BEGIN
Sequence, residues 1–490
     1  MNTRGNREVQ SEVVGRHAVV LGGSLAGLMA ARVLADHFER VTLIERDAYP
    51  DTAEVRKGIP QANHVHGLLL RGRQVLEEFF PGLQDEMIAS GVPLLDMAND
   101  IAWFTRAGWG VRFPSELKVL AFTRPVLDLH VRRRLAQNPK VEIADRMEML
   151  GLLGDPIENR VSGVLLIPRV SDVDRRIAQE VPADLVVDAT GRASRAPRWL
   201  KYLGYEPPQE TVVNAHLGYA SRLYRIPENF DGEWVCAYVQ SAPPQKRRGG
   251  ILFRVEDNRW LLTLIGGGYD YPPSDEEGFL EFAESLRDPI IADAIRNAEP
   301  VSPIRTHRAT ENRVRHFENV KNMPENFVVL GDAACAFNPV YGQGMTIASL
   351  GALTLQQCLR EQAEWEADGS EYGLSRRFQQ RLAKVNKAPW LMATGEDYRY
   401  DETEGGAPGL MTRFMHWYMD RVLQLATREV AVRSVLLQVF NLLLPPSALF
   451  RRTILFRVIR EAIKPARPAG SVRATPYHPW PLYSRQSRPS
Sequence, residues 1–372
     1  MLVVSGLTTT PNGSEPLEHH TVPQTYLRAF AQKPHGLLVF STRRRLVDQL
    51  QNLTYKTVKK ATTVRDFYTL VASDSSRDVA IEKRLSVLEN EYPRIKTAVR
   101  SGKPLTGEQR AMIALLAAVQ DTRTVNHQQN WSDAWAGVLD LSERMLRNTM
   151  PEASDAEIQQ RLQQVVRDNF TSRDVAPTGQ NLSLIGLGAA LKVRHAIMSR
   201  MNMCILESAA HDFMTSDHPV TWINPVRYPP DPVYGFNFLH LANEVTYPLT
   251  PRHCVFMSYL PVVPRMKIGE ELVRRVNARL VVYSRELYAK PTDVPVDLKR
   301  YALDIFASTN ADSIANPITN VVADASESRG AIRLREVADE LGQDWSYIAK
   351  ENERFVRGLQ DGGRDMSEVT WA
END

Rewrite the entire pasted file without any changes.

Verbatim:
Sequence, residues 1–490
     1  MNTRGNREVQ SEVVGRHAVV LGGSLAGLMA ARVLADHFER VTLIERDAYP
    51  DTAEVRKGIP QANHVHGLLL RGRQVLEEFF PGLQDEMIAS GVPLLDMAND
   101  IAWFTRAGWG VRFPSELKVL AFTRPVLDLH VRRRLAQNPK VEIADRMEML
   151  GLLGDPIENR VSGVLLIPRV SDVDRRIAQE VPADLVVDAT GRASRAPRWL
   201  KYLGYEPPQE TVVNAHLGYA SRLYRIPENF DGEWVCAYVQ SAPPQKRRGG
   251  ILFRVEDNRW LLTLIGGGYD YPPSDEEGFL EFAESLRDPI IADAIRNAEP
   301  VSPIRTHRAT ENRVRHFENV KNMPENFVVL GDAACAFNPV YGQGMTIASL
   351  GALTLQQCLR EQAEWEADGS EYGLSRRFQQ RLAKVNKAPW LMATGEDYRY
   401  DETEGGAPGL MTRFMHWYMD RVLQLATREV AVRSVLLQVF NLLLPPSALF
   451  RRTILFRVIR EAIKPARPAG SVRATPYHPW PLYSRQSRPS
Sequence, residues 1–372
     1  MLVVSGLTTT PNGSEPLEHH TVPQTYLRAF AQKPHGLLVF STRRRLVDQL
    51  QNLTYKTVKK ATTVRDFYTL VASDSSRDVA IEKRLSVLEN EYPRIKTAVR
   101  SGKPLTGEQR AMIALLAAVQ DTRTVNHQQN WSDAWAGVLD LSERMLRNTM
   151  PEASDAEIQQ RLQQVVRDNF TSRDVAPTGQ NLSLIGLGAA LKVRHAIMSR
   201  MNMCILESAA HDFMTSDHPV TWINPVRYPP DPVYGFNFLH LANEVTYPLT
   251  PRHCVFMSYL PVVPRMKIGE ELVRRVNARL VVYSRELYAK PTDVPVDLKR
   301  YALDIFASTN ADSIANPITN VVADASESRG AIRLREVADE LGQDWSYIAK
   351  ENERFVRGLQ DGGRDMSEVT WA